The Vineyard has had its second confirmed sighting of a live Eastern coyote — the first sighting in at least three years — Island wildlife biologist Gus Ben David 2nd said Wednesday.

Unlike the Island’s previous live sighting and five earlier dead coyote sightings, this one did not occur on the Island’s north shore.

Although Mr. Ben David would not disclose the location of the animal to protect the confidentiality of the property owners, he confirmed the coyote was photographed and filmed on a camcorder at approximately midnight Tuesday.

martha's vineyard coyote
Dead coyote was found washed up on Lambert’s Cove Beach in March 2014. —Timothy Johnson

“No doubt about it,” Mr. Ben David told the Gazette on Wednesday. He said the coyote was a fully grown adult of average size. “Looked like 40 pounds. It wasn’t an exceptionally big one, but definitely an adult,” Mr. Ben David said.

Coyotes are found on the Elizabeth islands and Cape Cod, but there are none on the Vineyard beyond an isolated sighting of a single animal three years ago and a handful of carcasses found washed up on the shoreline over the years.

Mr. Ben David believes the animal came from Naushon, the largest of the Elizabeth islands which has had an established Eastern coyote population for decades. He said environmental factors can force the notoriously territorial animals to seek new terrain. Occasionally that means by water.

“They swim, they are known to do that,” Mr. Ben David said. “They do it when they are expanding their range in their particular area, or if the prime habitat is taken over by alpha animals. They can get pushed out of their territory, and then they would swim across.”

Because Naushon is only four miles northwest of Martha’s Vineyard, all the previous coyote sightings have occurred on or near the Island’s north shore, where passage is possible although difficult in strong currents. But this animal was spotted elsewhere, Mr. Ben David said, prompting further questions surrounding its whereabouts.

“This animal most likely came from Naushon,” Mr. Ben David said. “That means it has already traversed part of the Island, which they do. They are tremendous travelers until they set up their territory and find a den site. This animal could be in Edgartown tonight and West Tisbury tomorrow.”

Eastern coyotes evolved from their smaller Western counterparts, moving across the continent and cross-breeding with wolves along the way.

Mr. Ben David said there is no chance that the wild coyote was brought to the Island by a human. “No, no way. Coyotes, even if you raise one from a little pup, they’re vicious. No way that animal was brought to this Island. That animal basically got here on its own volition,” he said.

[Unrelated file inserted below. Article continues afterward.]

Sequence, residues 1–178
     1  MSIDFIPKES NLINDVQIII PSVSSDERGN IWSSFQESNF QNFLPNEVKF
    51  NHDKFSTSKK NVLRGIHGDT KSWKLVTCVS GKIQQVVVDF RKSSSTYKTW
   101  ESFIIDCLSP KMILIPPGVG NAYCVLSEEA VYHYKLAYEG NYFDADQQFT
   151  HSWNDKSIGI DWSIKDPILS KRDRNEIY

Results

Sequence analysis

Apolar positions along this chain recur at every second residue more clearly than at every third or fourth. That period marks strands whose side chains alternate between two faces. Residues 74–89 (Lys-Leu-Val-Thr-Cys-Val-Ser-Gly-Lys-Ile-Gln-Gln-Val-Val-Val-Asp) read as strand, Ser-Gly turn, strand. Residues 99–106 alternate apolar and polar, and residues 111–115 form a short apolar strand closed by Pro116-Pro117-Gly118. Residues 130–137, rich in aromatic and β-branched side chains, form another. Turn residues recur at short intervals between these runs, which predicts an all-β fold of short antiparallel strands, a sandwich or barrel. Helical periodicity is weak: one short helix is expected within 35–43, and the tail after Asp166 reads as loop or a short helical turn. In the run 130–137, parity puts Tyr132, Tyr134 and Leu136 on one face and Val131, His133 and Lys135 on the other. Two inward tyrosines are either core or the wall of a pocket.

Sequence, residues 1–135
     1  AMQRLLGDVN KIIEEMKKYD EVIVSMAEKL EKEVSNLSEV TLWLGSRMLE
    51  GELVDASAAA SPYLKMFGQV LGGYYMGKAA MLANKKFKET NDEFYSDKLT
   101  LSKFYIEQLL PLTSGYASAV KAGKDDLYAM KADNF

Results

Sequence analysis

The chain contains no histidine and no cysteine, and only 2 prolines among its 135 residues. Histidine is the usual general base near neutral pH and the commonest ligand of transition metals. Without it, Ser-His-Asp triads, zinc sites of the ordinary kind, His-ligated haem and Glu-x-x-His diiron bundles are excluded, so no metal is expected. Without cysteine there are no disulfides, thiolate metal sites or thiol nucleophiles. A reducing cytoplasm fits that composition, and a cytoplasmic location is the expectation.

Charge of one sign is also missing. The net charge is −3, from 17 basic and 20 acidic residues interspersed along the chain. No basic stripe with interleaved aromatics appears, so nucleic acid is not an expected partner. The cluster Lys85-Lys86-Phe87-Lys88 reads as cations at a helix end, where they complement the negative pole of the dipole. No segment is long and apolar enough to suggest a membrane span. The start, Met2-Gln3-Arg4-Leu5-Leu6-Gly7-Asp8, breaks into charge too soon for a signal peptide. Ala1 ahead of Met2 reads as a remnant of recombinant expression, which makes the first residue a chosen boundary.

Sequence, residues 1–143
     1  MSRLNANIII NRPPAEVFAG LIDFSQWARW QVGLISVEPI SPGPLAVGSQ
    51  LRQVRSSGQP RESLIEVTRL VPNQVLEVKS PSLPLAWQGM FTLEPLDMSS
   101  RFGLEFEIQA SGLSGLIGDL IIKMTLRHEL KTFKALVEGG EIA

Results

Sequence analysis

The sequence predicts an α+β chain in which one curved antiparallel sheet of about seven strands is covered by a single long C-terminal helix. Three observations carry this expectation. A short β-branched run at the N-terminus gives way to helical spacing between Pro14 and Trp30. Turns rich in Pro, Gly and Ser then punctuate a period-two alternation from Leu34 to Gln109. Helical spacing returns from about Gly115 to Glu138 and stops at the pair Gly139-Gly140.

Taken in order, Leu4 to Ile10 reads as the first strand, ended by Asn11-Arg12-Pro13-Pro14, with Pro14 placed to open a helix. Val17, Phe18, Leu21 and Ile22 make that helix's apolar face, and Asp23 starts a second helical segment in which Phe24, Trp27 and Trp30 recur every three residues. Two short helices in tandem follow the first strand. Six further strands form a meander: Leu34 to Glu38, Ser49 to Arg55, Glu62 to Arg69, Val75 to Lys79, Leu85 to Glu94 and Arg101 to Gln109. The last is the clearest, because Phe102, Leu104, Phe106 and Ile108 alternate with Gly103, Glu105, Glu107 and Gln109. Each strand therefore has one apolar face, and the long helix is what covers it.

Mr. Ben David said he has contacted a state environmental official to report the coyote sighting. While coyotes, which look like “racy dogs,” according to Mr. Ben David, can vary widely in coloring, he said this one was fairly average in both weight and appearance.

“It wasn’t anything exceptional color-wise,” Mr. Ben David said. “The typical grayish with the black. Normal.”

Although Mr. Ben David said the previous live coyote was never spotted again and likely killed by hunters, he believes that having a breeding population of coyotes on the Island, where there are no natural predators for the animals, would have serious ecological ramifications. For example, Naushon used to have about 150 domestic and 300 wild sheep, Mr. Ben David said. Now there are 12 domestic sheep. And they have to be kept inside at night.

With its recent resurgence of small farming, the Vineyard has large populations of sheep, goats and free-range chickens. The Island also has a large domestic pet population.

“If they get established here, you’re going to have human-animal conflicts,” Mr. Ben David said. “They’re a predator, they affect everything. They would cause a lot of problems, especially for people with livestock,” he added.

“There’s an abundance of prey here,” he continued. “Rabbit carcass. Whale carcass. Seal carcass. Berries, seeds, nuts, mice, snakes, anything. They’ll basically consume just about anything.”

While Mr. Ben David said some environmentalists would suggest leaving the animal alone because it most likely arrived on the Island by natural means, he said it’s widely accepted in the hunting and outdoorsmen community to shoot coyotes if they’re spotted, especially considering the threat they pose to farmers.

Mr. Ben David said now that the one coyote has been spotted, he and other Island biologists will take steps to ascertain if there are more. He said if someone is certain they’ve spotted a coyote, they should call him.

“I haven’t had a coyote call in I would dare say at least two years, and it’s the second time we’ve had a live one. We’ll see what happens,” Mr. Ben David said. “They’re amazing creatures. They’re the most adaptable. Wily, wily coyote — that’s apropos.”